Stranger Than (Science) Fiction
June 1, 2007
The Department of Homeland Security has been consulting with a group of science fiction writers whose mandate is to think up bizarre scenarios for terrorist attacks and unexpected ideas for how to improve defense. The Bushies aren’t the first administration to do this: according to Greg Bear (the best writer in the bunch, for my money), the group has been around since the 1990s.
I’m sure the government has been tapping SF writers even longer than that — group members Jerry Pournelle and Larry Niven even used the idea in their jointly authored novel Footfall, which has a gaggle of SF writers helping the government deal with an alien invasion. And as we all know, when the boy emperor wanted to talk about climate change and global warming, his first choice for a chat wasn’t those bothersome chrome domes who actually study the problem, it was pop sci-fi novelist Michael Crichton, who thinks the whole climate-change idea is a bunch of hooey cooked up by a left-wing cabal. At least the authors in this group can actually write.
Trouble is, I doubt any of them could cook up a scenario this extreme: A president gets a report dropped on his desk that warns that a major terrorist leader is determined to attack within the United States, and soon. Instead of paying heed to the report and harkening to reports of spiking terrorist chatter indicating that something very big is about to happen, this president chucks everything and heads off to his ranch for a vacation. Then, on the day of the attack, he sits in doe-eyed panic among a classroom full of young children and waits for a grownup to come in and tell him what to do. Afterwards, he uses it as a pretext to invade a country that posed no threat to us.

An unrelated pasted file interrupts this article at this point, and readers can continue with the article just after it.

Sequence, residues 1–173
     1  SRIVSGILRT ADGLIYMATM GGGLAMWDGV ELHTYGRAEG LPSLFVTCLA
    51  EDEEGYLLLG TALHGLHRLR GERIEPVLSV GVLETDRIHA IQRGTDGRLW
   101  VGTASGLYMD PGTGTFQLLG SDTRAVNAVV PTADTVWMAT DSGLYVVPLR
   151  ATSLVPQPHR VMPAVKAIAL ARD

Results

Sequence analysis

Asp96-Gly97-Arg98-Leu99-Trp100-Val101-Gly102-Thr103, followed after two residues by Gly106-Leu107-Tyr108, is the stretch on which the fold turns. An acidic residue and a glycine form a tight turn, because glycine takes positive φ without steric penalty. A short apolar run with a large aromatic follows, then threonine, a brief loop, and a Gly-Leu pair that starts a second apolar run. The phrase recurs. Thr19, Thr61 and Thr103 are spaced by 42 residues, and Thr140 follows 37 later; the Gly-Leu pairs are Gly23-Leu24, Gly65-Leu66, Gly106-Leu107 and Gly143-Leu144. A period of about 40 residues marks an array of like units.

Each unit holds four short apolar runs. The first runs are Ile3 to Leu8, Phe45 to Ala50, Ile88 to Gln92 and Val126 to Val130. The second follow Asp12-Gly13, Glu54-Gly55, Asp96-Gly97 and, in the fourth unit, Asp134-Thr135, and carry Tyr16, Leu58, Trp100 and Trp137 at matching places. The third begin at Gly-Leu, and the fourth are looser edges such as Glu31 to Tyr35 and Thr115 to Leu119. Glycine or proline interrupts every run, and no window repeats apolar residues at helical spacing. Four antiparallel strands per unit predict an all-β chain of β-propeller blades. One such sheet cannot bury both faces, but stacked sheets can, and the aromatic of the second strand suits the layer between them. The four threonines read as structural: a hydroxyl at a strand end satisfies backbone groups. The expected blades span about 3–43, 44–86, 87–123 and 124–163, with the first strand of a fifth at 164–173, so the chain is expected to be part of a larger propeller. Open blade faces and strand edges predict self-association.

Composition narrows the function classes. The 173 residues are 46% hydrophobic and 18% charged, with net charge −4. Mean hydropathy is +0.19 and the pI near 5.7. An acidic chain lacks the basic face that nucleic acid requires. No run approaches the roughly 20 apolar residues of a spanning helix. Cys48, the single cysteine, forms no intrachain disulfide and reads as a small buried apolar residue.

Naw, that idea’s too extreme even for this bunch. Which only goes to prove the old saying about the thing that’s stranger than fiction. Or, in this case, science fiction.